Today, I want to become a trail angel.
I’ve written about how an angel named Yvonne rescued me and how I helped a distressed hiker. Those stories are just two examples showing how the trail brings out the best in people.
So when Ken, the cheerful driver and owner of KT Taxis in Wanaka dropped me at the trail head leading to Mt Aspiring Hut, I was not surprised to find two young Israeli hikers making coffee for an 80 year old Kiwi tramper who had just finished a three day walk.
You find a lot of Israelis in the South Island and most of them are celebrating their release from three years of compulsory military service. Taking a year abroad is as much a rite of passage for these young people as working in Europe is for New Zealanders.
After a short two hour walk up the Matukituki River, the Israeli couple and I talked while we ate supper in Mt Aspiring Hut’s airy living area, lit by the early evening sun flaming on the peaks.
They told me a fascinating story about the Israel National Trail. A more mature version of NZ’s Te Araroa Trail (the INT was inaugurated in 1995; the TAT in 2011) and shorter (1000 kms; the TAT is over 3,000 kms), walking the INT is now as much a part of national consciousness for Israel as military service.
“It’s wonderful!” the woman enthused, “You don’t even need to camp because every night you can sleep in a kibbutz or someone’s home! They feed you and give you a couch or bed for the night. In exchange, you might do something for them like weed a flower bed, something like that.”
Her partner interrupted with a laugh, “She hates camping!”
“My wife Rosa hates it too. She’s a ‘glamper’ not a ‘tramper’.” I explained about the growing trend of ‘glamping’ or ‘glamour camping’ where sybaritic urbanites can get a taste of the outdoors while sleeping in luxurious tents and beds with all the mod cons.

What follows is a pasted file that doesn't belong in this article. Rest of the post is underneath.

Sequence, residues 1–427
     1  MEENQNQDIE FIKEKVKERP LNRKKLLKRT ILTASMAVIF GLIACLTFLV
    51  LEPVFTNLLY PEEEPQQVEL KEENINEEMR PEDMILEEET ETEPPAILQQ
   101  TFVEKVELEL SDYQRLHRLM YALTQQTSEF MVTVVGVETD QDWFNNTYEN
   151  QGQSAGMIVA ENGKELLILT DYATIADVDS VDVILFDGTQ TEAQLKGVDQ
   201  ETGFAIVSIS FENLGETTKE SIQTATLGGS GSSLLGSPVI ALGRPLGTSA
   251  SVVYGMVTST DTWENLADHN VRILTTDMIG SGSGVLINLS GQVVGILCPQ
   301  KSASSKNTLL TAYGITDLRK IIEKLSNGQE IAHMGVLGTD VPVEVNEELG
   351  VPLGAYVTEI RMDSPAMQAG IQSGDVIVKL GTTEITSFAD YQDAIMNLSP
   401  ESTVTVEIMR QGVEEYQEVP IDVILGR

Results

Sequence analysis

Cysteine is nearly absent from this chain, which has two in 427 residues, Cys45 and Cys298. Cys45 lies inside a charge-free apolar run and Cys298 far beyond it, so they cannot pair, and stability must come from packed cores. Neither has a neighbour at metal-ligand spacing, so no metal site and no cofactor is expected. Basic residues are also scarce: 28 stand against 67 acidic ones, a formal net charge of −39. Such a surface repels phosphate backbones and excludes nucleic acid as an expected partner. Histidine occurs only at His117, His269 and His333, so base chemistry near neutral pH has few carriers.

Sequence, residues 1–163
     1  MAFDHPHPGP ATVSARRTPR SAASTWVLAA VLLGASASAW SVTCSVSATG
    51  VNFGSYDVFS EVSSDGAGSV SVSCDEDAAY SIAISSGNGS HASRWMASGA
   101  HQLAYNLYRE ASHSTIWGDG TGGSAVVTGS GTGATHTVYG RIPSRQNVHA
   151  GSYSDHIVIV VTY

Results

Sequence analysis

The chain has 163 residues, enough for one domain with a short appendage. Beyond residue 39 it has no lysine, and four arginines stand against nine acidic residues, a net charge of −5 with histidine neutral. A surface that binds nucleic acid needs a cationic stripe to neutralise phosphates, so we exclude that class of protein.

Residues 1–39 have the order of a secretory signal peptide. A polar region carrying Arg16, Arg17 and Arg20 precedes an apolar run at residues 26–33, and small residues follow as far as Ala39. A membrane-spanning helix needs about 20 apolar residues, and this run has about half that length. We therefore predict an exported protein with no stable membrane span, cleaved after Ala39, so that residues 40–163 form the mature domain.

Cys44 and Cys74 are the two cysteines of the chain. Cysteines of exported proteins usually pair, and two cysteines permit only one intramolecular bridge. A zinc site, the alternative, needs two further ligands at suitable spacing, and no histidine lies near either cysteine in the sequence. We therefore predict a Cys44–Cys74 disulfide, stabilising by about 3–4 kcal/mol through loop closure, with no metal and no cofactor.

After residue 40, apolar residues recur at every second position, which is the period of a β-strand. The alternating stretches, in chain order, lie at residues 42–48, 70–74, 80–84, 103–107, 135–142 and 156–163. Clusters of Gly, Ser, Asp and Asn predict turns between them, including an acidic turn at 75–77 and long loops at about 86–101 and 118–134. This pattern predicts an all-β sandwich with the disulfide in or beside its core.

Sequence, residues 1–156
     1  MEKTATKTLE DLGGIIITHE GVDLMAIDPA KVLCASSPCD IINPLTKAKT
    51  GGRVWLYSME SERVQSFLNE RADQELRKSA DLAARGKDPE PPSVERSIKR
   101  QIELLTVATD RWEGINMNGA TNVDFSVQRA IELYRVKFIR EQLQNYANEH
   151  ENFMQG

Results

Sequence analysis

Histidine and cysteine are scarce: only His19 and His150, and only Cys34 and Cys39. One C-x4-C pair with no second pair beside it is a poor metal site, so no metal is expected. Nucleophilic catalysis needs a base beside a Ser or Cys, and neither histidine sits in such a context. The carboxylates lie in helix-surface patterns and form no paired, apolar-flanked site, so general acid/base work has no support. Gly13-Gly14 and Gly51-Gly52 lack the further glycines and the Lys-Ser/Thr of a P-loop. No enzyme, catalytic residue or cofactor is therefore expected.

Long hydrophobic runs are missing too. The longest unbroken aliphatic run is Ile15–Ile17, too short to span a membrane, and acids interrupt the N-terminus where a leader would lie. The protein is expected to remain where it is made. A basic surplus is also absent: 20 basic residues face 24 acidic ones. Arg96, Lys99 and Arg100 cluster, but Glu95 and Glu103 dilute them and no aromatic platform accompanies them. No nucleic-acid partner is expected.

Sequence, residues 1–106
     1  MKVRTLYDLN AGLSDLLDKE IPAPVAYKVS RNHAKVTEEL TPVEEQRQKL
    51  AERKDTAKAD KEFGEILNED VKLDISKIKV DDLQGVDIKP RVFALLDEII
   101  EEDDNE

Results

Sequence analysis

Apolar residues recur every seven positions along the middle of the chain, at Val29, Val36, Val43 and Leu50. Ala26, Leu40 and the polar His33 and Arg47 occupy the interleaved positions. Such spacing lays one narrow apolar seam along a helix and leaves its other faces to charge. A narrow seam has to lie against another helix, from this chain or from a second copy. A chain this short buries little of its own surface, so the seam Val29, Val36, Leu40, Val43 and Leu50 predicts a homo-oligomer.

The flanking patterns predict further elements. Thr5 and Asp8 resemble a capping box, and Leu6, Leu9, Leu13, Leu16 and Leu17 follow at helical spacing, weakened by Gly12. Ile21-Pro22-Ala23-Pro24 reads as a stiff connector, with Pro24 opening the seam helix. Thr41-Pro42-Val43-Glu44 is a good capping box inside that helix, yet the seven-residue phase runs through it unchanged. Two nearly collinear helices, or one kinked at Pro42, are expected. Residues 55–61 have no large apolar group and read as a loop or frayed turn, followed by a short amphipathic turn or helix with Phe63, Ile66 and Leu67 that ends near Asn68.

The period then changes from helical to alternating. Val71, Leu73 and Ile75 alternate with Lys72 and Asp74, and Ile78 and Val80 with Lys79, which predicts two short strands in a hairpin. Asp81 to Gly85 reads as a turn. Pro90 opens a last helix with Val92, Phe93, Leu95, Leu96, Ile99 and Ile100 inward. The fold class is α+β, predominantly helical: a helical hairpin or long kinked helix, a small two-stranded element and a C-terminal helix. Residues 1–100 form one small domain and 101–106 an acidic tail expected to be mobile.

“That’s me!” the woman said. “We pretty well ‘couch-surfed’ along the National Trail. But what really surprised us was how this trail has united our country even more. There are so many divisions in our society but the trail and the “trail angels” help smooth them over.”
Lying in my bunk that night, I thought about the Te Araroa Trail. When I was still following it up in Northland, I had noticed again and again how the natural helpfulness of Kiwis had begun to flower along its length. I wouldn’t be surprised if flocks of trail angels appear in time.
Actually, they exist already in the form of helpful DOC staffers and volunteers, tramping club members, local people, hunters and trampers. NZ might not need a formal network because it already has one.
That's the spirit of this country and it's one of a few core national qualities that draw people like the Israeli couple to it.
And I now want to take Rosa to Israel so we can experience their trail angels for ourselves.